Midway Rising rendering
A rendering of the Midway Rising plan. Courtesy Safdie Rabines Architects

It’s depressing because predictable that the attempted repeal of the 1972 citizens’ initiative in 2020, which was invalidated by the courts last year, was once again put on the ballot this November as Measure C.

Measure C is a verbatim repeat of the same ballot wording used in 2020, justified by the same flawed environmental review process, even as that decision is still being appealed by the city.

Much like the Convention Center tax that was sold as a homelessness fix in 2020, and also ruled invalid by the courts but approved by the City Council anyway, it’s the result of those in power refusing to accept “no” as an answer to getting what they want.

For those who aren’t aware: Measure C again proposes removing the Midway-Pacific Highway planning area from the 30-foot Coastal Height Limit Overlay Zone, allowing otherwise unlimited heights for all new buildings in this area. We are being told that it is necessary in order to build the affordable housing called for to redevelop the Sports Arena site.

Yet the Sports Arena site is 48 acres; and as city property any redevelopment is required to contain no less than 25% affordable units. But once this is pointed out, proponents pivot to saying it’s necessary in order to build a new Sports Arena. So why doesn’t Measure C focus on that particular site exception, rather than remove protection for the entire 1,324 acres in the Midway planning area?

Because San Diegans are repeatedly being sold the sizzle while developers get the steak.

Over the past several years, we have seen the consequences of deregulating development to rely on the market alone to solve our affordable housing crisis.

Beginning in 2019, the City Council removed all parking requirements from new projects without restriction, in the belief the “$30,000 to $90,000” savings per stall would simply be passed along as lower costs to residents. We can all see how well that isn’t working out.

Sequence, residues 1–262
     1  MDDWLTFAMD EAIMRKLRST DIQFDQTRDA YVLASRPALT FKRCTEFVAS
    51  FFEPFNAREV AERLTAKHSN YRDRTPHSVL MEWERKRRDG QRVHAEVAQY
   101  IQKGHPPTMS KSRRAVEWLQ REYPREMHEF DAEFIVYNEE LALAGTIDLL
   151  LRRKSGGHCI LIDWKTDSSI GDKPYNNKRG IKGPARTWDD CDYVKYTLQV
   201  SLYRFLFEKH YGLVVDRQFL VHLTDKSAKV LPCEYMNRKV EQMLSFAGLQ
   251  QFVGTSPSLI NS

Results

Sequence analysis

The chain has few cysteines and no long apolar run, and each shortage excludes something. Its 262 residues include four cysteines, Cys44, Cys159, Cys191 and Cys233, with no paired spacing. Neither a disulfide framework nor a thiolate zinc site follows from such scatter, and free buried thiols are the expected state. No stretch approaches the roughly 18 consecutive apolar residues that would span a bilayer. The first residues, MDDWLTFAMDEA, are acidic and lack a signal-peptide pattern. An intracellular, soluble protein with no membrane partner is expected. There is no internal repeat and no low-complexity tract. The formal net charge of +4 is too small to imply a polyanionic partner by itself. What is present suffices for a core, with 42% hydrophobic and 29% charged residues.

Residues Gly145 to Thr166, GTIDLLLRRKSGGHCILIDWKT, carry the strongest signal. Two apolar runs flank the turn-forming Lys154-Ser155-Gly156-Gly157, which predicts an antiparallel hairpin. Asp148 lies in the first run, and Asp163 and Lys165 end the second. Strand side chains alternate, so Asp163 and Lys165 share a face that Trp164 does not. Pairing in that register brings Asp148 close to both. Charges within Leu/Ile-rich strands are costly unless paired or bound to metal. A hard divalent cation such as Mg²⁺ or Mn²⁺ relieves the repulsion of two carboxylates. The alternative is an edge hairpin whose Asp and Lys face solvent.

We’re told that the only way to get affordable housing is by allowing unlimited heights and density. But all we have to show for it are ever more expensive high-rises, with token amounts of small units sandwiched between luxury second homes and corporate and vacation rentals.

Buildings exceeding the 30-foot Coastal Height Limit are already allowed under the State Density Bonus Law, so long as they include affordable housing. (Proponents claim even that process is too onerous, ignoring that every development undergoes a project-by-project review.) Giving up the Coastal Height Limit without conditions removes the only actual requirement that new construction is affordable.

Make no mistake: The repeal of the Coastal Height Limit in “just” the Midway planning area is the camel’s nose under the tent. If they can get away with saying Midway isn’t the coast, when it’s literally reclaimed, liquefiable saltmarsh regularly subject to tidal flooding, what’s left to say about Point Loma, eastern Pacific Beach or the heights of La Jolla?

And it’s difficult not to hear the ugly undertones of racism and classism from Measure C proponents. The most recent demographic data for the Midway area is 12 years old, yet whites were already a minority-majority 47% of the population.

We’re being repeatedly told Midway is “blighted,” which by now should long have been discredited as the dog whistle it is to justify displacement of BIPOC and Latinos for “urban renewal.”

Yes, this area does need attention, as it has been perennially neglected by the city. But what does it say when the only solutions being offered are to remove the constraints for affordability that have made this one of the last affordable neighborhoods left in San Diego?

We need serious solutions from serious leaders, not shiny renderings in place of actual people. Please vote ‘no’ on Measure C.

Mat Wahlstrom is a longtime resident of Hillcrest and community activist. He is a member of KeepTheCoast30.



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Ellen Bullock